Today's date:
Spring 2014

Can China Avoid the Thucydides Trap?

Zbigniew Brzezinski, one of America’s pre-eminent strategic thinkers, comments on Chinese President Xi Jinping’s worldview. Brzezinski was national security advisor to US President Jimmy Carter. His latest book is “Strategic Vision: America and the Crisis of Global Power.

NPQ | In a recent conversation with NPQ, Chinese President Xi Jinping laid out his vision of international relations:

The argument that strong countries are bound to seek hegemony does not apply to China. This is not in the DNA of this country given our long historical and cultural background. Also China fully understands that we need a peaceful and stable internal and external environment to develop ourselves.

We all need to work together to avoid the Thucydides trap—destructive tensions between an emerging power and established powers, or between established powers themselves.

Our aim is to foster a new model of major country relations in three aspects.

First is a no confrontational or zero-sum mentality. Second is mutual respect for other’s path of development and cultural heritage. Third, to seek common ground on issues of common interests in pursuit of win-win progress. As long as the major countries follow these principles, no war will break out in the world.

How do Xi’s words square with China’s actions, most notably the recent surprise declaration of an Air Defense Identification Zone (ADIZ) in the East China Sea that overlaps with those already declared by Japan and South Korea?

BRZEZINSKI | I find what President Xi says to be very admirable. I’m impressed particularly by the historical reference to Thucydides, who wrote about the conflict between Sparta and Athens. His point of view is one responsible and knowledgable Americans would share, as would most Europeans.

Unfortunately, in many parts of the world, I do not think such a reasonable perspective prevails, nor is it likely to prevail. Ominously, I think there is a real danger that, despite such good intentions, even the American-Chinese relationship may deteriorate unless both sides make a greater effort than so far to consolidate more deeply the strategic relationship.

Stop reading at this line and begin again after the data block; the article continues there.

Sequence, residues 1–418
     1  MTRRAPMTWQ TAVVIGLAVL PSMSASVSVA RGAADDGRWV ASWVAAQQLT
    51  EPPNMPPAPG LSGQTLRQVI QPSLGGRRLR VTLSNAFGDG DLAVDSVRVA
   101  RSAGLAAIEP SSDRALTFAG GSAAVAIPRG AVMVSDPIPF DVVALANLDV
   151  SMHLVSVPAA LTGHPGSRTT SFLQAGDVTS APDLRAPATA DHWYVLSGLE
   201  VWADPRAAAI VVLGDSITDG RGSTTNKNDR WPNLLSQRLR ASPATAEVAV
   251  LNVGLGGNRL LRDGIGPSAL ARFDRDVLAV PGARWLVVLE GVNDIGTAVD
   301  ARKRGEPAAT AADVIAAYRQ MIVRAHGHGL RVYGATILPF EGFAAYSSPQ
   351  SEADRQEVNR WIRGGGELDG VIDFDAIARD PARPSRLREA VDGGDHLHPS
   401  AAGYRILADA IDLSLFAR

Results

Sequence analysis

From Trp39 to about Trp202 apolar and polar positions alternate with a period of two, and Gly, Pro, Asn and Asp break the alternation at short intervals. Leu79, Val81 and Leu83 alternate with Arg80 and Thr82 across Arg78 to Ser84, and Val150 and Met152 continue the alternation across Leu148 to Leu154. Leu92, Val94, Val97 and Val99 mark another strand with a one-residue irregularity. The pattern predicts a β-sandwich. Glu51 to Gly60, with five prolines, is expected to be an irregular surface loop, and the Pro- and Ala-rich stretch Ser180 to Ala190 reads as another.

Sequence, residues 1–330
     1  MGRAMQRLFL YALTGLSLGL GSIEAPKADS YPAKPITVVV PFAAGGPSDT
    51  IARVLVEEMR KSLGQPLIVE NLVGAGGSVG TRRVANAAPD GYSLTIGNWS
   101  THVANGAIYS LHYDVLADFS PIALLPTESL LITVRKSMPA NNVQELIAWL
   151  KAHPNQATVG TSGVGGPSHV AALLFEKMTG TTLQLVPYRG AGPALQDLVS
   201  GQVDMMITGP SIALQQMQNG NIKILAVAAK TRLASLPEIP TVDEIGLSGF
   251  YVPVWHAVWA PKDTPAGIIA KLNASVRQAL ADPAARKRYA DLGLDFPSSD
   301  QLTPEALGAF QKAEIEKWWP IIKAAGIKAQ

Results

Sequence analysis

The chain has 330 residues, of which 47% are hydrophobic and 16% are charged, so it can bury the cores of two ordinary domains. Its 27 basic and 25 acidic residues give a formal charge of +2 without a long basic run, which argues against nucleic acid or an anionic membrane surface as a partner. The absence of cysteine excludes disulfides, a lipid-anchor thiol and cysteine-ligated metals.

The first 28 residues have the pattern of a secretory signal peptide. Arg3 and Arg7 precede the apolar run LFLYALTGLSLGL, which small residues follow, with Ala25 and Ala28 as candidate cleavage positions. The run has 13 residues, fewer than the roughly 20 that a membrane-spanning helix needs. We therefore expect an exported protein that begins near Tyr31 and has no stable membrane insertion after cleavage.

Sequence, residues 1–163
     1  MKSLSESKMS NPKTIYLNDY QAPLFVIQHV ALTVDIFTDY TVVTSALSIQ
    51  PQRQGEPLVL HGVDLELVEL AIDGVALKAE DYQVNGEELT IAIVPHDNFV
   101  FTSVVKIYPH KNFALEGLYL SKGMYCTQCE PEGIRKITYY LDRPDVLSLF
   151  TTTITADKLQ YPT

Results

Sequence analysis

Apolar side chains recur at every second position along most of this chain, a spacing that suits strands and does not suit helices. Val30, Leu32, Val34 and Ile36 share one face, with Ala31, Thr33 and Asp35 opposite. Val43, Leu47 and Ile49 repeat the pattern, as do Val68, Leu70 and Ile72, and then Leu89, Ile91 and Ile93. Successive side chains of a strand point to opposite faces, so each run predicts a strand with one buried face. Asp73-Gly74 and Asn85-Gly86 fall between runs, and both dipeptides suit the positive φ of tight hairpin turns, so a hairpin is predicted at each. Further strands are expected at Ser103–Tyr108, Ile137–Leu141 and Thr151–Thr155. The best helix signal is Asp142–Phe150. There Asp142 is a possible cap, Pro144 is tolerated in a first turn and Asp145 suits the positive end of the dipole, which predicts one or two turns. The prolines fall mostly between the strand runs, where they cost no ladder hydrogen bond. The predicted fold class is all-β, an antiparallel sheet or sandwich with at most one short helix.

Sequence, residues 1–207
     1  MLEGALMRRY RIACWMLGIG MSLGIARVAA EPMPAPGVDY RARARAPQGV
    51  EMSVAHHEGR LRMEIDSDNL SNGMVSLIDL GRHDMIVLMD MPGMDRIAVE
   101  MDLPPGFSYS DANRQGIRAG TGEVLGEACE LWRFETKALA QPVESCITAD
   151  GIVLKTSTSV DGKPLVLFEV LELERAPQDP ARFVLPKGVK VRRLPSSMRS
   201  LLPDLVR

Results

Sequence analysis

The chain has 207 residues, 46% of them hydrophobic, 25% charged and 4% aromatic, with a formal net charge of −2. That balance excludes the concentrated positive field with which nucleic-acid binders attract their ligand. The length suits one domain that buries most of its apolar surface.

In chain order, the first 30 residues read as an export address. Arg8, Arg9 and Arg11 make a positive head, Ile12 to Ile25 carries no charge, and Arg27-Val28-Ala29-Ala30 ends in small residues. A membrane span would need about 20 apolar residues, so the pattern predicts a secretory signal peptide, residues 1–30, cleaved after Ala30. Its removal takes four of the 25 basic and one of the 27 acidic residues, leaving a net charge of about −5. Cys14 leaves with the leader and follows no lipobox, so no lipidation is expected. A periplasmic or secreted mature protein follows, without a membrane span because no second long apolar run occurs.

There are those who believe that China is intentionally trying to drive a wedge between the US and Japan in order to establish its dominant role in the region. I don’t share this view. Perhaps there are some people in the leadership, particularly in the military, who may have felt that way. But I doubt that at this stage it was a deliberate decision at the top level to undertake such a high-risk act with such a short-range objective; high-risk because it could lead to an actual military clash and short-range because China is not ready militarily for a serious showdown with the US.

NPQ | Does this ADIZ declaration and China’s military buildup necessarily conflict with the idea that it is not seeking hegemony? After all, they are not trying to put military bases or conquer territory anywhere beyond their immediate realm. They claim they are only trying to defensively control their own “battle zone” in the event of war.

BRZEZINSKI | This point is well taken. I’m sure that China’s leaders, both political and military are sensitive to the fact—and I emphasize the word “fact”—that the US is vastly more powerful militarily than China.

In the nuclear realm, China has very cautiously maintained a posture of minimum deterrence. The number of its nuclear weapons targeted on the US is infinitely smaller than the number of US nuclear weapons targeted on China. In every other realm of military potential the US is superior. That is especially the case with naval forces.

In any case, I am confident that the top leadership of the two countries understands that a conflict between them would be mutually damaging.